Noodler’s Polar Brown

I have just been in touch with some of my fellows ink geeks on FPN and the Noodler’s debate is quite raw. Despite the left field nature of Noodler’s as a fountain pen ink manufacturer, many of the inks are hit and miss. The drying times are of concern for many of them. Here is a quick study of some trees using Polar Brown. The ink was ‘sticky’ for a couple of days. Not ideal for taking into the ‘field’ – which is a great shame. Also of note is the that some of these inks bleed. It’s a great asset for subject matter like this but just take a look at the zoom in and you’ll see that my monicker is totally blown! Not desperately good for handwriting surely? Admittedly, this was on a watercolour paper but even so? And then there’s the issue of nib clog! Many of these inks are heavy and sludgey. As you can see, great for art but you’ll need to regularly clean any fountain pens as the there is a real issue that the feed and nib could fuse together! That said, my job is to investigate these inks for creative purposes and there’s no denying, these ARE creative!

 

bleed

Here is a link to an article on the Jetpens site that fairly comprehensively describes the many and varied groups of Noodler’s inks and how they are expected to behave: http://www.jetpens.com/blog/noodlers-fountain-pen-inks-a-comprehensive-guide/pt/902

Art test on Bockingford 200lb watercolour paper using a No.6 and a rigger.

Many thanks to Brian and Rachel Goulet for the sample vial: https://www.gouletpens.com

Just for the record – I do this for myself, I receive no remuneration what-so-ever and I tell it exactly how I see it.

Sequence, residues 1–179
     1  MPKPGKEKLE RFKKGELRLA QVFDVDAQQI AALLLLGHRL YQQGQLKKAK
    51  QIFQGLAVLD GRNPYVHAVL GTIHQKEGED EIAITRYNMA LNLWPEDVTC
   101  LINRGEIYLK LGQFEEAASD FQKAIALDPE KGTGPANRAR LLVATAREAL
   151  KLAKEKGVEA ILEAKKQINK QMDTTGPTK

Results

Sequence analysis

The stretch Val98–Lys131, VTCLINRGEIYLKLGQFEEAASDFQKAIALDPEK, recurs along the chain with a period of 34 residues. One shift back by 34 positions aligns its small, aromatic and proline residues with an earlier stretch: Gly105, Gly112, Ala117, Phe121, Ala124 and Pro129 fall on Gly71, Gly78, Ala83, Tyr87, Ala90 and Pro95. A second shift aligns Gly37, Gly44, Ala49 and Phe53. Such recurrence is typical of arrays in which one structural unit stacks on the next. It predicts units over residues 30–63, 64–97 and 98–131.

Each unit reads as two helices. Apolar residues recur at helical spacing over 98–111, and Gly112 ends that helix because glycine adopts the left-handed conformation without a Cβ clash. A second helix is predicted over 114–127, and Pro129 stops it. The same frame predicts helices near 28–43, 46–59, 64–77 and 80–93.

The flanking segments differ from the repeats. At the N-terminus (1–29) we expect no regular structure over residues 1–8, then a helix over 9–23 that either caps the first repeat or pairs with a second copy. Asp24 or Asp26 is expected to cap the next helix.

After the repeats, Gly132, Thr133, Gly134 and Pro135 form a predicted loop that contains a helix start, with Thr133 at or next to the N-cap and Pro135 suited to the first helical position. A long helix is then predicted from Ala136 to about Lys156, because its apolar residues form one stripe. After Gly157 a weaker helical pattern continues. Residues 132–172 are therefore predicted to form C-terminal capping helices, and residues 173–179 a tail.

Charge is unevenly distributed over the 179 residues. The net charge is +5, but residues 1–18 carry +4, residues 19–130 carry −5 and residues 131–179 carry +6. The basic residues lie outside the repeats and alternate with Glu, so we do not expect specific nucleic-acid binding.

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7 thoughts on “Noodler’s Polar Brown

  1. Talking about Noodler’s inks as a whole is like talking about people-with-brown-hair as a whole. The line is too diverse to generalize. Some of Nathan’s inks are great, and some of them are junk. Often, they have special properties or are made for a really specific use-case. The polar series, for example, are really made for use in places that have issues with ink freezing. I’m not sure where that is (Wyoming, maybe? Alaska?), but it’s not really made to work well for everyone across the board.
    Love your artistic reviews, by the way!

    • Cheers Mike. Personally, I think they’re all great, but I do feel obliged to ask questions when I come across aspects that are a little too blatant to dodge, particularly when they could be detrimental to both handwriting and pens! But hey! Whatever lights your fire, as they say in Rochester.

      • Yeah, the polar series are odd inks. They are thick and they take forever to dry, but they don’t freeze. The fast-dry inks bleed/feather/spread like it’s their job, but they do dry quickly. The Baystate inks aren’t ph-neutral and they don’t play well with others, but they’re super-vivid. There’s a lot of give and take in the brand, and I think that leads some to have a negative perception of the brand if they’ve only tried one (or a few). Not that you do this, just that’s what tends to happen in the interwebs.

      • If you’ve had a brief gander at what I’m up to, you’ll note that all inks are game on in my book, provided that they have a secret creative side to them. And lets be honest, those two recent Noodler’s posts – The Blacks and Magic Mix – are just knock out!

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